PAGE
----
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Discussion Starter · #1 ·
Its in a 68 Chevelle with a quadrajet carb. It runs rough under load. It starts fine and idles ok. Here is what I have done:

-Changed plugs, wires, cap, rotor, coil
-checked spark at all and getting spark at plugs

-compression check
  1. 150 psi
  2. 150 psi
  3. 150 psi
  4. 150 psi
  5. 150 psi
  6. 150 psi
  7. 150 psi
  8. 139 psi
-vacuum check (manifold port)
-20 -22.5 psi
-the needle bounces a lot @ idle

-examined rocker arms and they look fine

-took a temp reading @ header inlet and #8 is way cooler
-temp @ 8 is like 220 degrees vs. 500+ degrees on other headers

-I played with the timing a bit but didn't seem to change anything

Thoughts?
 

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I would pull the valve covers and measure lift with dial indicator and compair with cylinder next to it.

I would change oil and filter and run oil thru a screen, like for screening paint, to catch any metal flakes.

Then open filter and look for metal.

Thinking the cam maybe going bad.

Check for anything out of wack on intake valve, maybe bent push rod

Put cylinder on top dead center and connect air hose and listen for air coming out carb or exhaust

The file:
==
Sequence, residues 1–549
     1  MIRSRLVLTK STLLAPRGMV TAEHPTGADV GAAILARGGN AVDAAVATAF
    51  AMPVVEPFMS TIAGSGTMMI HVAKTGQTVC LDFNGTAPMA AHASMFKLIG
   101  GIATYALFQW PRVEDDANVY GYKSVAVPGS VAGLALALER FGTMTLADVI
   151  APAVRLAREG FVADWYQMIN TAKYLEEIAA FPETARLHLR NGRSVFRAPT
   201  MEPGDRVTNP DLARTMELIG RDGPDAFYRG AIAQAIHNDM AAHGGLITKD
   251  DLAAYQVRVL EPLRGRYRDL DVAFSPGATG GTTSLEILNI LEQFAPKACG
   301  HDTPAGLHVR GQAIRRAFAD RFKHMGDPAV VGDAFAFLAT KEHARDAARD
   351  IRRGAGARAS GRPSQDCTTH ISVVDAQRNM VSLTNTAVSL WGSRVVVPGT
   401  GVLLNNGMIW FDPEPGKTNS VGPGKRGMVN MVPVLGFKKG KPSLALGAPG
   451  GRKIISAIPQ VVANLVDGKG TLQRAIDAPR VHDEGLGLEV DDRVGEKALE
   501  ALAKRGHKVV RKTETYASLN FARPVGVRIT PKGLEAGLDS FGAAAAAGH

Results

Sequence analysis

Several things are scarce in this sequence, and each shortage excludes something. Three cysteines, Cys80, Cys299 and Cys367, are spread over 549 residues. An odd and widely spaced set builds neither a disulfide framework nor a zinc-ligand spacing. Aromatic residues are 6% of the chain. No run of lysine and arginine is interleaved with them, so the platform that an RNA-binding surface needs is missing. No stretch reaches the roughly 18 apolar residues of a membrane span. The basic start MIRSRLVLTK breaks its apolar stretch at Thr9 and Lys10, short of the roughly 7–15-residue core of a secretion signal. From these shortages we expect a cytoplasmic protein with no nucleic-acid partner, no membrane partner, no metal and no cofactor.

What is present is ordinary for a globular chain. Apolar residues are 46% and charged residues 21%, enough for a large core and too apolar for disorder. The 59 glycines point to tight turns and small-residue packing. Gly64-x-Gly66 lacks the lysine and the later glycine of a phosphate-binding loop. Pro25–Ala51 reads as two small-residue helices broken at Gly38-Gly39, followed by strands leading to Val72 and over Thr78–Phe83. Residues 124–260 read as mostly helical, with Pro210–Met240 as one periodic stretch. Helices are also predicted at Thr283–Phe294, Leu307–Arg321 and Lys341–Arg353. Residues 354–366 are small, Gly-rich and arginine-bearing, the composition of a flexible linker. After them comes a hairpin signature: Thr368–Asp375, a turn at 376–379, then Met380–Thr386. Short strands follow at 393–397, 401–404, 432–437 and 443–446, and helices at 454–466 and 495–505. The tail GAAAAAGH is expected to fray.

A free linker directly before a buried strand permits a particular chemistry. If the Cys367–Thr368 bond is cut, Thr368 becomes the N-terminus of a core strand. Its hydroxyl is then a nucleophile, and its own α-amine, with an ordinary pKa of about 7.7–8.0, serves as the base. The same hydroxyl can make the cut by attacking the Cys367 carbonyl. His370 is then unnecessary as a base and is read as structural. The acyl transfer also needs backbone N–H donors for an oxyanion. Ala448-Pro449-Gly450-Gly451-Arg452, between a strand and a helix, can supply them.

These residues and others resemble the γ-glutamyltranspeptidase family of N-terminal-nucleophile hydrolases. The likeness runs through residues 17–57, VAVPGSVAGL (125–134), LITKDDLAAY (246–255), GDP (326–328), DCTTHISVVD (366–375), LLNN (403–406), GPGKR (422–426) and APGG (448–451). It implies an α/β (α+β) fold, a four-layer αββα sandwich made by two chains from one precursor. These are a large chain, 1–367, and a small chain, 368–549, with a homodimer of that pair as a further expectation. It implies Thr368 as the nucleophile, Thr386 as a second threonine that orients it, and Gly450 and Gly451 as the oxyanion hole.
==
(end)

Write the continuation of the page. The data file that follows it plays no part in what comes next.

So bad cam, bent push rod, etc = intake not opening thus low compression

Bad valve or valves = burnt valve, thus air coming out.

Leak down test checks rings
 

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When you pull the pushrods go slowly. If they feel heavy put them back down.
if you’re unlucky you can pull the lifter right out of the bore.
i doubt your pushrods are bad.
You likely have a flat lobe.
‘Check rockers all move the same before removing anything.
 

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The lower cylinder pressure and bouncing vac needle moves me to suspect the cam has a wiped lobe and lifter on that cylinder.

Is the needle bounce rhythmic or irregular, rhythmic giving credence to cam lobe and lifter damage irregular not so much?

The SBC does have a reputation for eating lobes and lifters.

Bogie
 

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True Hotrodder
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I would take the passenger side valve cover off and just spin the engine over with a remote switch while watching the #8 cylinder. You can quickly tell if either rocker on that cylinder is not opening as much as #6 next to it.
 

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Discussion Starter · #8 ·